My basement, like many others in town, flooded once again on July 23. I’d just returned home from a writing retreat (which I spent battling writer’s block), found out that all three of my cats were sick (with a stomach bug, which has been recurring all year), and then it started to rain.
It started and it seemed like it might never stop. Right when we realized we had a shop vac that could be used to suck out some of the water that was filling our basement for the second time in a month, the power went out.
There aren’t many moments that you feel as helpless as when you’re standing in the dark, watching the water rise inside your house. Inside – where it most definitely is not supposed to be.
Too many of us know this feeling now. And many of you had it worse than I did. I have friends and neighbors in Forest Park and nearby communities who had between 1 foot and 10 feet of water. They lost expensive appliances like furnaces and hot water heaters that were submerged in standing water. Then there were the irreplaceable items: family photo albums, childhood books, prized record collections.
After I finished cleaning up my own basement, I went online looking for some kind of magical system that would make my home an impermeable fortress. This doesn’t seem to exist – though if you have 10 grand to blow, you might come pretty close.
What I found instead both broke my heart and healed it: the Forest Parkers Against Flooding page on Facebook. There, I saw more evidence of the hardship my neighbors were enduring. But I also found neighbors trying to help one another. They listened, allowing much-needed frustration venting. They provided information that they’d gotten from the village. They shared resources for trustworthy repair and plumbing services. They offered to assist others who were physically unable to clean or repair their own homes.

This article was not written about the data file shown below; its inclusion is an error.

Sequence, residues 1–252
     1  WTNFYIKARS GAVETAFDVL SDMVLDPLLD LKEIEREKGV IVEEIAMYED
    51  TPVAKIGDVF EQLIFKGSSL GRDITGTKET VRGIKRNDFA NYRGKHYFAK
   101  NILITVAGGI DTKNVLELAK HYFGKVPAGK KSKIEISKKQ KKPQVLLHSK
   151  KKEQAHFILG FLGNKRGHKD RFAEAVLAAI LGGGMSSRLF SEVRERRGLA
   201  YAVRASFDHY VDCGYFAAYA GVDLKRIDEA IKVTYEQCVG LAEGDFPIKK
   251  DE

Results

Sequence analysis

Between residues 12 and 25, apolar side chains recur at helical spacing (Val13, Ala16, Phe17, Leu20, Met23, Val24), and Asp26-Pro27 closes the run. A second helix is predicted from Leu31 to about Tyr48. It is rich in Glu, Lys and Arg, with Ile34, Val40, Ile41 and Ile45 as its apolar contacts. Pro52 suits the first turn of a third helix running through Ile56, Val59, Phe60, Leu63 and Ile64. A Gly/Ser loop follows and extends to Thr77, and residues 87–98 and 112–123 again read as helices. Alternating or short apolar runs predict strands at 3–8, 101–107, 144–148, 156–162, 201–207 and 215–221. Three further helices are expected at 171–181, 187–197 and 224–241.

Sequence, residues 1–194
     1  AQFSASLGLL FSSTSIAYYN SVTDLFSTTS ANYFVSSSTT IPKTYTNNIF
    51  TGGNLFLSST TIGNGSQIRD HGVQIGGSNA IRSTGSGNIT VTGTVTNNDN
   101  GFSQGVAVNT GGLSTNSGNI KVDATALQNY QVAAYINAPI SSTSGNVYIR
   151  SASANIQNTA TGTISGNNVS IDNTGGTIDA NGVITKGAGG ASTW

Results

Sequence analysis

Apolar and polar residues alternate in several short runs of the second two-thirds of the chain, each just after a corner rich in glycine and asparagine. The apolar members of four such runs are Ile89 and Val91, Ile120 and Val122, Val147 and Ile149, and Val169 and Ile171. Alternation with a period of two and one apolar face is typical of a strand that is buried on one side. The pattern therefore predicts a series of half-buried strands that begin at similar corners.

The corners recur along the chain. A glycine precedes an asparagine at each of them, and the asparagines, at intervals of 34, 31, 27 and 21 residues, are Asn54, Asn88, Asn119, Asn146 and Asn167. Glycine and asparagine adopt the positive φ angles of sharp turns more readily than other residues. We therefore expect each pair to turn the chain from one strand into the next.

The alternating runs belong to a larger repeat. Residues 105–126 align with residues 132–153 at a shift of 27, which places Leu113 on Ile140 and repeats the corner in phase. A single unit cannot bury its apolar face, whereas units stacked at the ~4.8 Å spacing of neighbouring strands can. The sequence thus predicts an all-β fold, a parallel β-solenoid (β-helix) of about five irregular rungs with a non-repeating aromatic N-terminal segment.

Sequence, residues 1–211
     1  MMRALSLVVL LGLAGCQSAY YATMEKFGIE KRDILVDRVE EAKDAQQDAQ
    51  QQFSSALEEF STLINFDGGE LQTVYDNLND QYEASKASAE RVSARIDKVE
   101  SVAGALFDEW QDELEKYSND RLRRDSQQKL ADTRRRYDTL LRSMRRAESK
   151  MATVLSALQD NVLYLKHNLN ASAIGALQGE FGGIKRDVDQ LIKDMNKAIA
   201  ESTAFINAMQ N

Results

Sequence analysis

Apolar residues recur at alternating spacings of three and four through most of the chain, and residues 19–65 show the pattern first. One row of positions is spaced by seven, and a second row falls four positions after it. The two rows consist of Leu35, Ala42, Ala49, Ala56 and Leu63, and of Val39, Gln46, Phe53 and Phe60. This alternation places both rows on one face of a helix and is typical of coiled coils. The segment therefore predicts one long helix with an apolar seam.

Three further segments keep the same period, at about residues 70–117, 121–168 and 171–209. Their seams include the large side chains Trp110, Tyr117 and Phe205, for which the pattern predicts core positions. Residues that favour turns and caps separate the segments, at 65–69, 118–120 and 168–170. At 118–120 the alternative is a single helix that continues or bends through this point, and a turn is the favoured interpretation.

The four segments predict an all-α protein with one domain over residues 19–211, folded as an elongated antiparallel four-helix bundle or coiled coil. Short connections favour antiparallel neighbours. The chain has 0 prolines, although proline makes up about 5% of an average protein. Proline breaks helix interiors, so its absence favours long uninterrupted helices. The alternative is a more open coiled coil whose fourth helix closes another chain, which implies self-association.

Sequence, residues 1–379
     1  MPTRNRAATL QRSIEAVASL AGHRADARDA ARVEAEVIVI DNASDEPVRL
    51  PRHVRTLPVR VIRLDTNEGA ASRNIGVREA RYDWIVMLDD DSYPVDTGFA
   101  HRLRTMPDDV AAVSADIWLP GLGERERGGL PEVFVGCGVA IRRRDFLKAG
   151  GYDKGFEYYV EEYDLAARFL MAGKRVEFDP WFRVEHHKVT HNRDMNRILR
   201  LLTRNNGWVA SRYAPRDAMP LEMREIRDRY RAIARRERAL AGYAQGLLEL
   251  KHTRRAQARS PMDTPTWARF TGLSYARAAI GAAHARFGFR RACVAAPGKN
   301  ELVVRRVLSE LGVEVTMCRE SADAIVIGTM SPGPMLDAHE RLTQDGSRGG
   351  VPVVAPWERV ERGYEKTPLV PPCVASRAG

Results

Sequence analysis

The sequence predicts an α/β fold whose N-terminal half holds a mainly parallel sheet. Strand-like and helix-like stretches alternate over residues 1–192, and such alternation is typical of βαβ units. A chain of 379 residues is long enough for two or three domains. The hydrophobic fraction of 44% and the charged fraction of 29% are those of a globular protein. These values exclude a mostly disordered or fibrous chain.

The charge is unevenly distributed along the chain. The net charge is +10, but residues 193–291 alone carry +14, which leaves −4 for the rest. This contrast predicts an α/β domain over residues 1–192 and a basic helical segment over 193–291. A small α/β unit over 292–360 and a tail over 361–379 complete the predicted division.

In my fiction, many of my characters are outsiders. They aren’t very trusting and they often feel they have to shoulder their own burdens. I grew up feeling that way as well. But the longer I’ve lived in Forest Park, the more this feeling has dissipated. There’s no doubt that we’re good at being a community in celebratory times. Every year during St. Patrick’s Day and SummerFest, we prove that we can throw a great party. However, the aftermath of this flooding has proved that we are at our strongest when tested by hardship.
Now, though, we deserve a break.
It hasn’t been our summer, Forest Park. Apparently Mother Nature missed my column pleading for better weather. Or she absolutely has no sense of humor. Either way, it’s time to take matters into our own hands.
I promised myself that I’d finally visit the Forest Park pool this year. Two days after the flood, it was beautiful out. I probably should’ve done some more clean-up or tackled that troublesome writing project. But instead, I texted a neighbor who was also having a bad weekend and suggested, “Let’s see if waterslides help.”
If your summer has been as wet and ugly as mine (substitute sick children for sick kitties and job problems for writer’s block), reclaim it now before it’s too late. Take a day off from your obligations and do what you want to do most.
The best thing about those waterslides? You can scream at the top of your lungs while you’re on them. Trust me, it feels good and you’ll be laughing at the end.
Stephanie is the author of “I Wanna Be Your Joey Ramone” and “Ballads of Suburbia.” She’s a proud Forest Parker who holds a master’s in fine arts degree from Columbia College Chicago. She also works locally at the Beacon Pub and loves to hear from people through her Web site www.stephaniekuehnert.com.